Bryan Cranston continues to cement his reputation with another study study in character that means his face alone on the poster is enough to sell the film and The Infiltrator is no different. Real life stories can often be more compelling than any fiction and The Infiltrator is one of those. Set in the early 80’s this casts him as Robert Mazur, a real life US Customs official involved with undercover drug operations where we first see him at a bowling alley leering at waitresses and generally acting the opposite to his happily married devoted father. In fact you can’t help but feel that these real life undercover cops must have enrolled at RADA before becoming cops.
It’s after this that he returns to work with his team and partnered with John Leguizamo who seems forever to be cast as a slightly irritating, fast talking Hispanic, and who he doesn’t really care for especially when his apparent splash dash work ethic almost gets him killed. Mazur decides that to get the big players in the drug world they need to follow the money and he sets himself up as a middle man money launderer and very quickly they find themselves going up the chain of Colombian drug dealers to the top dog himself, Pablo Escobar.
It’s Cranston dealing with the dual roles of money launderer that conflicts his own family responsibilities and especially his wife’s concern at the danger of what he’s involved in. His marriage is further strained when, having excused himself from a sexual favour telling the dealers that he’s about to get married, requires his department to lands him with a rookie undercover cop as his fiancé. It’s a facade he also has to maintain with the upper echelons of the drug gangs too and the relationship that he forms with them that further conflicts with him knowing he must ultimately betray that friendship for the greater good. An experienced undercover agent he may be but there are moments when he seems in so deep that this may be a job that he may not survive.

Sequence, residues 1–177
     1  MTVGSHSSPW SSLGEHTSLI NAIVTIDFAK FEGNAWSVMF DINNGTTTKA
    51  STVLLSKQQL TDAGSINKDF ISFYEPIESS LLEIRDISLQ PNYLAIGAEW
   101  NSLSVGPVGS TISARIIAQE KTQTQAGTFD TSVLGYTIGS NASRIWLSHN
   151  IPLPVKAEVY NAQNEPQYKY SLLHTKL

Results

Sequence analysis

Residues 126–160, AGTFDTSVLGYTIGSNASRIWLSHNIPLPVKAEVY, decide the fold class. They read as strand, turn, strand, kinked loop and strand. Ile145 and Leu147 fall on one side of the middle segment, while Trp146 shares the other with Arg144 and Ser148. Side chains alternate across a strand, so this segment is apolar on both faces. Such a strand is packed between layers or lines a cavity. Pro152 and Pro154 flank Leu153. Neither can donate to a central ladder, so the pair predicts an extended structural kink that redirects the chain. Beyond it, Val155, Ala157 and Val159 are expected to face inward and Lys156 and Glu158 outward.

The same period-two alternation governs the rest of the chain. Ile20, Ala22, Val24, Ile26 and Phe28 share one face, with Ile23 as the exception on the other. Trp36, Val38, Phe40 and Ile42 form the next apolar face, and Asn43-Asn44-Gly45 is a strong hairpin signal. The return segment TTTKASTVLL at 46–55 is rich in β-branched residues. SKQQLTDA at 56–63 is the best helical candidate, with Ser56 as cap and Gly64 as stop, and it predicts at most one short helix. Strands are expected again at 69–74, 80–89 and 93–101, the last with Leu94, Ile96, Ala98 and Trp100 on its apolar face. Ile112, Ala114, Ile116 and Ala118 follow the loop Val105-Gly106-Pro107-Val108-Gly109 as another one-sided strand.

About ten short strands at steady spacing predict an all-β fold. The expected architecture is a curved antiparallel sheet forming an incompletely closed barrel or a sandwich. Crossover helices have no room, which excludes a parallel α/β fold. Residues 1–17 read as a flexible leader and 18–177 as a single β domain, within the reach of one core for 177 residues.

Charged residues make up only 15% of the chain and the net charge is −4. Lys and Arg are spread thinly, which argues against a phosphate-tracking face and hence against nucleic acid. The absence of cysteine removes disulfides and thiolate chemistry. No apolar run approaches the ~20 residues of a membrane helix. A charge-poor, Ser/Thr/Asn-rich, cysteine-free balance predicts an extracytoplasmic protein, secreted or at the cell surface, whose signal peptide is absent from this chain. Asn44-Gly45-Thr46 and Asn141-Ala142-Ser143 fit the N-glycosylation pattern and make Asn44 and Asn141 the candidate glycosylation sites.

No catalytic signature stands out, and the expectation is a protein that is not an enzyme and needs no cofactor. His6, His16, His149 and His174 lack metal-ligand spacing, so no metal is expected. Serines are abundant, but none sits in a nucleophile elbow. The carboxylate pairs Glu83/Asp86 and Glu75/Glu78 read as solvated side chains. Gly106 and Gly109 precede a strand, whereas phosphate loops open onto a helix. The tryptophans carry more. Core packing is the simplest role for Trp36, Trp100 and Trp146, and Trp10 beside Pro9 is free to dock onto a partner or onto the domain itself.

Ultimately all the leads in the film are playing a role – the cops playing criminals and the criminals adopting the facade of respectable business men. Cranston is as good as ever and there is a great support from both Olympia Dukakis and Jason Isaacs neither of which we see enough of these days and this serves to remind just how good they are in even the smallest of roles.
Perhaps most surprising about all of this is just how complicit several banks were in the whole saga and how content they were to handle the huge sums of money despite being fully aware of where the money had come from. It’s a final end credit that depresses most with just how much illicit drug money is still sloshing about from the drug trade. At times it’s part ‘Donnie Brasco’, part ‘Carlito’s Way’ which is no bad thing.
Here’s the trailer: